North Jersey doesn’t sound too exciting but since I had just been gone for a month and had barely any chance to ride my new bike, I decided to take it with me to North Jersey for the two weeks I was there. I got in a lot of solo riding time, in addition to longer distance riding, and I feel much more capable on the bike. Not all my riding was solo though since a friend of mine who rides lives near where I was staying so I got a chance to ride with her a couple nights too. I mainly spent my time riding to state parks since they’re generally a free destination and are usually surrounded by nice roads. I managed to get to Hopatcong, Washington Crossing, Round Valley, and Spruce Run. I passed 1,000 miles on the bike while I was up there too which made me pretty happy.

Appel Farm

I went to the 20th year of Appel Farm’s Arts and Music Festival. My family has been going for 18 of those years and we always get our tickets ahead of time so we were definitely attending, despite the 103 degree temperature. We set up canopies so we weren’t right in the sun but it was brutal. Great musicians but we ended up leaving early and missing both stages’ headliners because it was just so damn hot.


What’s interesting in Scranton? Cliff jumping near a big dam and some waterfalls. You have to walk along some railroad tracks and then go down a trail to get there so I think we were technically trespassing but it was a great spot. Obviously well used by the locals so it’s not like we were going to get in trouble for being there. I didn’t do more than a 12 foot jump because I’m a baby but there were some people I was with doing maybe 30? I’m awful at guessing heights. Some locals who came and sat at the top of the dam getting stoned for an hour then proceeded to jump from the very top. I felt like I was about to watch someone die but they made it. I guess they’re used to the place. We brought goggles to check below the surface for any rocks or whatever before jumping but they just went right in. It was a gorgeous spot though and I plan on going back.

Red Stick Ramblers in the area

Tuesday, January 15th, 2008

My favorite band will be up in the northeast quite a bit this year. I recommend checking them out at one of these shows if you’ve never seen them before.

The best part is that I go to these places any way, and they’ll just happen to be there.

February 28 – World Cafe Live
May 16-17 – Camp Jam in the Pines
July 17-20 – Grey Fox Bluegrass Festival
August 29-31 – Delaware Valley Bluegrass Festival

And of course I’m sure I’ll still go down to Louisiana for the Blackpot Festival in November. It was a fantastic time and I loved just about every band that played last year.

The Avett Brothers / Langhorne Slim

Friday, November 23rd, 2007

I went down to the Grand Opera House in Wilmington for a concert earlier this week. The venue itself was very nice and had great acoustics, although it wasn’t really the kind of venue I’d picture for the Avett Brothers. My parents saw them play at the Troc last year, which is much more suitable to the kind of crowd they draw (room is needed for standing and dancing, not seating). I loved the opener, Langhorne Slim. He played solo so it was a nice little acoustic session. I forgot to bring my camera but I recommend checking out his songs Get a Little Happy and Honey Pie.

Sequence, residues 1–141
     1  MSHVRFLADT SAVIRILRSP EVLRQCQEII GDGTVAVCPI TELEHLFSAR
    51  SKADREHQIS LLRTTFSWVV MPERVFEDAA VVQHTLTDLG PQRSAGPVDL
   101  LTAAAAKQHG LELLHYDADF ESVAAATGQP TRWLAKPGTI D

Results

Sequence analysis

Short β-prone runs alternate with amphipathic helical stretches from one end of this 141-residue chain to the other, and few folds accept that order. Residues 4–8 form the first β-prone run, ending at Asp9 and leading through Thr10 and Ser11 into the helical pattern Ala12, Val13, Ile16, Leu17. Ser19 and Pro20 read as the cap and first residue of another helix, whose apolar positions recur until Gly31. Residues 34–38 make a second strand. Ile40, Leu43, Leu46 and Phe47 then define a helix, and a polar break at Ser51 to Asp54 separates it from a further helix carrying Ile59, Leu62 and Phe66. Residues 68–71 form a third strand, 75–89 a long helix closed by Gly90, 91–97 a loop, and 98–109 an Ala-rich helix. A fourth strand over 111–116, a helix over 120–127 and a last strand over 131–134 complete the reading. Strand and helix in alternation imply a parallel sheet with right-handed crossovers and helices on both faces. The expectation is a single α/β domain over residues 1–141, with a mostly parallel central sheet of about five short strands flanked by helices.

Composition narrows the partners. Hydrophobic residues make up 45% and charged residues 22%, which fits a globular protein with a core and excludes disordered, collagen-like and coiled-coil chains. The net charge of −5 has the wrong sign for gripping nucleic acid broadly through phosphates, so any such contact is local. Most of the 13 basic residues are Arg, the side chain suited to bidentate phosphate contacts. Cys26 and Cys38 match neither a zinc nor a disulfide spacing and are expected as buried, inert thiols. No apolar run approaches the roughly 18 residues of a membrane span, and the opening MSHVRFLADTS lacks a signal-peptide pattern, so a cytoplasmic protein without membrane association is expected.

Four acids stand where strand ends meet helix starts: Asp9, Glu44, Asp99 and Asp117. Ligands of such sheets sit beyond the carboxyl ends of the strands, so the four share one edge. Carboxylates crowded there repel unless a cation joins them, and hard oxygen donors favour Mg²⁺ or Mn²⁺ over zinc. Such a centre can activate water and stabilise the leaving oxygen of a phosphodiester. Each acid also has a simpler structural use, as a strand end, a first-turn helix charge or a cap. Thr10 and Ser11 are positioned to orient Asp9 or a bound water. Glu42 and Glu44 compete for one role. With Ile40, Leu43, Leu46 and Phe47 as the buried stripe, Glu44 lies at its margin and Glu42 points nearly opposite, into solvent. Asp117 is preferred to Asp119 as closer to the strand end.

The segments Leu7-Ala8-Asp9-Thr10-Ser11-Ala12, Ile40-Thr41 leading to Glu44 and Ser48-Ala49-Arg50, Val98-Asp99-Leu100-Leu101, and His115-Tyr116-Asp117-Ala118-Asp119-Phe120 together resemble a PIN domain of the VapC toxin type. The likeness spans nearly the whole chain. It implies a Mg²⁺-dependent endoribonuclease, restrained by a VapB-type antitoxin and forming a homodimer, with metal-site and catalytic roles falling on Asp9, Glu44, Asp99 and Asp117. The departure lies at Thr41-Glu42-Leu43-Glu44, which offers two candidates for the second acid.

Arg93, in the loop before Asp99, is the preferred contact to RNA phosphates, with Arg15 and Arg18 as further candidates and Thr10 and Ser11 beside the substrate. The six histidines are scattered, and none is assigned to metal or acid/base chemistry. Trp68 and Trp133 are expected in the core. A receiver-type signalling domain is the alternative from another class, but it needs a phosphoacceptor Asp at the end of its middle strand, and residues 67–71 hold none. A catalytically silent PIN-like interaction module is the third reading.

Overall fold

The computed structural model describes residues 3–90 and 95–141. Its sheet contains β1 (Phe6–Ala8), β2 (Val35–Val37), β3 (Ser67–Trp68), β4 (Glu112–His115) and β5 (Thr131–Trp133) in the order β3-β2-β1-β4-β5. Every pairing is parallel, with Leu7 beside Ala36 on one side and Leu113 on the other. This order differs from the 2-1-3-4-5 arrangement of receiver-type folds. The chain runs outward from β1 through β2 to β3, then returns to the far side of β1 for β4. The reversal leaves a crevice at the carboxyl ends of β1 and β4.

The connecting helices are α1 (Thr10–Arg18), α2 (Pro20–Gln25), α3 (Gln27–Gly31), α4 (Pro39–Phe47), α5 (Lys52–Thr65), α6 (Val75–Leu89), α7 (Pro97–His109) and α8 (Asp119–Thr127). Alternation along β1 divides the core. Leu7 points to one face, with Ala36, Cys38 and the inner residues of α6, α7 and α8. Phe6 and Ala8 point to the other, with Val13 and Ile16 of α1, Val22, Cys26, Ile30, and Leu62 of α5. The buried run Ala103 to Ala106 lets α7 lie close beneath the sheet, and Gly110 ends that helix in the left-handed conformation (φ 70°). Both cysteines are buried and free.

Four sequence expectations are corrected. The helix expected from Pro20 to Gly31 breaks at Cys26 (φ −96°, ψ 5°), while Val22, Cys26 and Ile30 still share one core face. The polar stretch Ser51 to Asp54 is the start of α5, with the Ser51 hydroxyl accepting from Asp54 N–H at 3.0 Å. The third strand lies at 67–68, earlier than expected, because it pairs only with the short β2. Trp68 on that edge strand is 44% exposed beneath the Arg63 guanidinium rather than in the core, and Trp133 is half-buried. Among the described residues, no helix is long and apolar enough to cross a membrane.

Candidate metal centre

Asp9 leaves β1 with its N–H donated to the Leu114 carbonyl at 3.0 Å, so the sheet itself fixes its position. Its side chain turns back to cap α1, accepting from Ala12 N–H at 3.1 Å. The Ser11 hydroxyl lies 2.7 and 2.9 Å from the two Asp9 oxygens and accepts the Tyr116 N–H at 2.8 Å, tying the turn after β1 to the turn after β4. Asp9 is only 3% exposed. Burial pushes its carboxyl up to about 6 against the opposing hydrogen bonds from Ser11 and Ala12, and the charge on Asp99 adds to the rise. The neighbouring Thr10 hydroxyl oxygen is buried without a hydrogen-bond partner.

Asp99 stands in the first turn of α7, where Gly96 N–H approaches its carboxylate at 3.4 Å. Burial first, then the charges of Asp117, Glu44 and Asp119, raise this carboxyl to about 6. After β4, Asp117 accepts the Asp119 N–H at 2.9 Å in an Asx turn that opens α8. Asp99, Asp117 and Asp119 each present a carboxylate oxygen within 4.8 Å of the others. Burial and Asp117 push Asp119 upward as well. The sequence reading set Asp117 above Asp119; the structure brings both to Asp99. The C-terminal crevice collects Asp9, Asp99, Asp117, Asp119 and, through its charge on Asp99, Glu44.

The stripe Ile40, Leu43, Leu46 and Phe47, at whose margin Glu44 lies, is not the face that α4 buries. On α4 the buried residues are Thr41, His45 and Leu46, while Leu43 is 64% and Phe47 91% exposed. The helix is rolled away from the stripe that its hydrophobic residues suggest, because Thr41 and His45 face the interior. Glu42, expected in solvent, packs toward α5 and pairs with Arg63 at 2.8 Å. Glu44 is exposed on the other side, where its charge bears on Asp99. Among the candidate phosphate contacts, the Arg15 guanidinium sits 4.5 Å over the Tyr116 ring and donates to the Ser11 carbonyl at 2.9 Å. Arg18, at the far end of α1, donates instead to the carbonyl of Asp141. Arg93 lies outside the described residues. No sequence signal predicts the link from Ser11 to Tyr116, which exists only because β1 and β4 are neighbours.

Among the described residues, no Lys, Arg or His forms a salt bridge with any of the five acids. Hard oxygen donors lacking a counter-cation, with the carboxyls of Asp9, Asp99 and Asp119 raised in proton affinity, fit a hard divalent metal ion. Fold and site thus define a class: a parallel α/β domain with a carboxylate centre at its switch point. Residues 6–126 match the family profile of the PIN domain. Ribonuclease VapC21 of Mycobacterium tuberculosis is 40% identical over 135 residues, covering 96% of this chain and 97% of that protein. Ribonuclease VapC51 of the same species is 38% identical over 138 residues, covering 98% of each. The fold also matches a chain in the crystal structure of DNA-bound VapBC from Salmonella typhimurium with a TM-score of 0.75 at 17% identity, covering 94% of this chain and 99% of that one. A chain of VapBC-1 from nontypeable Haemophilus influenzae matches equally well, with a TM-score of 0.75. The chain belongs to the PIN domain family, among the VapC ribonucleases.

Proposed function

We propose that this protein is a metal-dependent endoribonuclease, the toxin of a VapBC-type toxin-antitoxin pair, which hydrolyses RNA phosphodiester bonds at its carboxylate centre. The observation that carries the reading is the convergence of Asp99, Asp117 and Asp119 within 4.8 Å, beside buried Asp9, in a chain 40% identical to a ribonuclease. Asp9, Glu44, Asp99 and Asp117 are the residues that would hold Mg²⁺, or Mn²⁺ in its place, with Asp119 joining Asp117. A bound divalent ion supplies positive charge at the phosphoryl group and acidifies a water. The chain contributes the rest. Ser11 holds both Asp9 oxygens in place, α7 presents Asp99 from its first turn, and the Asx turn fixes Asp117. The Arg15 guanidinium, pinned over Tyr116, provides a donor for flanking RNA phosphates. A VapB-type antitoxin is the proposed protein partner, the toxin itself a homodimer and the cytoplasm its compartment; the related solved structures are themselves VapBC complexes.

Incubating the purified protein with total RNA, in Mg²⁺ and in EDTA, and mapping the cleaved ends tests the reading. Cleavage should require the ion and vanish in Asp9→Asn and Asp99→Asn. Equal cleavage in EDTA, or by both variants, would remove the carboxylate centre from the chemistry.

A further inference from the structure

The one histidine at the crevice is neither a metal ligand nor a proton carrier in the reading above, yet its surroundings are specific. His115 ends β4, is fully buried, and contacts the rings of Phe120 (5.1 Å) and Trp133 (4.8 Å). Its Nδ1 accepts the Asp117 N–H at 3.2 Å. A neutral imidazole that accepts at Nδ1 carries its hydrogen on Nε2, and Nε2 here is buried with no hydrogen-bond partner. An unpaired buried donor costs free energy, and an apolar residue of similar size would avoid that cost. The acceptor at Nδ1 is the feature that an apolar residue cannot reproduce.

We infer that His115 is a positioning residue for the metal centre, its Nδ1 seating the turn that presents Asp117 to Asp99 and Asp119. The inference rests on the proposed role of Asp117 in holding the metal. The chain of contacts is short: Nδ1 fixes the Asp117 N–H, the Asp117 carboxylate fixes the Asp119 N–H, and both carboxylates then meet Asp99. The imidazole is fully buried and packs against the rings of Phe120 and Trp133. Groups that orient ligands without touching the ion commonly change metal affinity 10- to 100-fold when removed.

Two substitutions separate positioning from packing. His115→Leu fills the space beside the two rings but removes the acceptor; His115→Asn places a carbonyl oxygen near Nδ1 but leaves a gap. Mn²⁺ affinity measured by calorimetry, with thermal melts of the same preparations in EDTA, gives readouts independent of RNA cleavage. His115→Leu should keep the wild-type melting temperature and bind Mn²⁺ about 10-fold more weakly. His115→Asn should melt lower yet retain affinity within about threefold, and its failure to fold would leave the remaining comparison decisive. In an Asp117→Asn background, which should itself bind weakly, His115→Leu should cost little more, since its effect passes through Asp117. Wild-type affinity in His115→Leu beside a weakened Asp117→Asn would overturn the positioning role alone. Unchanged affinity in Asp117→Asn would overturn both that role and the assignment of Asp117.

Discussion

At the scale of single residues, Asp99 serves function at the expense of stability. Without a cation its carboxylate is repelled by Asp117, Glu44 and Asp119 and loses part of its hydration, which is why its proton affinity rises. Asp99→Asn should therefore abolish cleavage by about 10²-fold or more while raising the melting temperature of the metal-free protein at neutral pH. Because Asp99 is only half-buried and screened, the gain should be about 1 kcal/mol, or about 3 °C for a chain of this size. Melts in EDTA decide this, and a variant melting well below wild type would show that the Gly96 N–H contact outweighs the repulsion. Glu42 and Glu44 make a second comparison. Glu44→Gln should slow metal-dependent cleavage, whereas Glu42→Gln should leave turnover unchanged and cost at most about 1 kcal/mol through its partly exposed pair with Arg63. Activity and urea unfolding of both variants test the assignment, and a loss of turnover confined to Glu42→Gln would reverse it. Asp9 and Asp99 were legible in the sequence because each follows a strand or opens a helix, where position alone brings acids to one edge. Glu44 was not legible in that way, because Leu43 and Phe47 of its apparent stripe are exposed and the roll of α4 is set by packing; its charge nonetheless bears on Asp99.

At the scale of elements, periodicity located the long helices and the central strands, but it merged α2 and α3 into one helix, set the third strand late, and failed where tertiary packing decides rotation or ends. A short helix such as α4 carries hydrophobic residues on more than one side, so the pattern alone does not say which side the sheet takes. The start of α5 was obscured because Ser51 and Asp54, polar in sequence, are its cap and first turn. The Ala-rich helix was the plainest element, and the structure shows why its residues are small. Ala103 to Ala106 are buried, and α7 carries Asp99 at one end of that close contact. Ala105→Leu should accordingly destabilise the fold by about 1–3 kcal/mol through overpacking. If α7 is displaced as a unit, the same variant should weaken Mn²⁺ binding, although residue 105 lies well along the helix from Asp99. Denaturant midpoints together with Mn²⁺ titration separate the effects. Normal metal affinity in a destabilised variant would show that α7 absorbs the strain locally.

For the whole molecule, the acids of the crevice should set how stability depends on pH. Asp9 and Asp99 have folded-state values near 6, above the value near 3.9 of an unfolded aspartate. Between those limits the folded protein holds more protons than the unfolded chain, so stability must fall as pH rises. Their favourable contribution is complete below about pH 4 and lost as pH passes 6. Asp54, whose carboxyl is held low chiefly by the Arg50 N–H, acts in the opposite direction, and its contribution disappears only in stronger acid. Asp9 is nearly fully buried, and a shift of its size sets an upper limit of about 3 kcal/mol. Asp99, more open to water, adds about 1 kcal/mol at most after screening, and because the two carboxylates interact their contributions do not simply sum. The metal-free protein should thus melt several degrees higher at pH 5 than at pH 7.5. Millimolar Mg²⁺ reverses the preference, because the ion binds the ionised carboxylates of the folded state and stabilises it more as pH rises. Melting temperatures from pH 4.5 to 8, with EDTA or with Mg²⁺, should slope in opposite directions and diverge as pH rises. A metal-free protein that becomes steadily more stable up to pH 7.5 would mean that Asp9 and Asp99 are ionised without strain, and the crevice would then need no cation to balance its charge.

On to the Avett Brothers themselves. The two brothers play guitar and banjo, and drums with their feet, with another guy on upright bass. For this concert they also had a cello player for some songs. These guys play their instruments so hard that they needed to be retuned between almost every song, and restrung a few times throughout the night. They’re very high energy, which is what I love about them most. Some songs to check out are Talking Blues, When I Drink, and Talk on Indolence. I found someone else’s video from the concert I was at, for the song Solomon:

crafts / Christmas

Friday, November 16th, 2007

This past week I’ve been catching up on some knitting and sewing I’ve been meaning to do for a while. I really haven’t done much of anything in the way of crafting in several months. I travel so much for work that I’m rarely home and then have so much other stuff to get done when I am. I had some baby gifts to finish up though, and I decided to make some things for Christmas as well. There are a few unfinished things I want for me too, and soon since they’re winter items. I also taught another friend to knit and had planned to help her with sewing, so I’ve been to JoAnn’s a few times this week. I should not go there. I already have probably 25 projects with materials already waiting for me at home, but I always get more. I’m delusional when it comes to predicting the free time that I’ll have to work on all of this.

I’m in the Christmas mood already. I bought a couple of new Christmas CDs so I’ve been listening to the music already for the past week (alright, the past 2-3 weeks). It’s not the stuff they play over and over on the radio though – I tend to have different genres of music that just happen to be Christmas songs, so I need more than the 3 week window where it’s acceptable to play holiday music. I’m also planning on getting a tree for my apartment this year. I already have tons of ornaments that have been gifts through the years, and some other random decorations. I’ll wait to do all that until after Thanksgiving though. I do have some restraint.

Some less common holiday album recommendations:
The Gypsy Hombres – Django Bells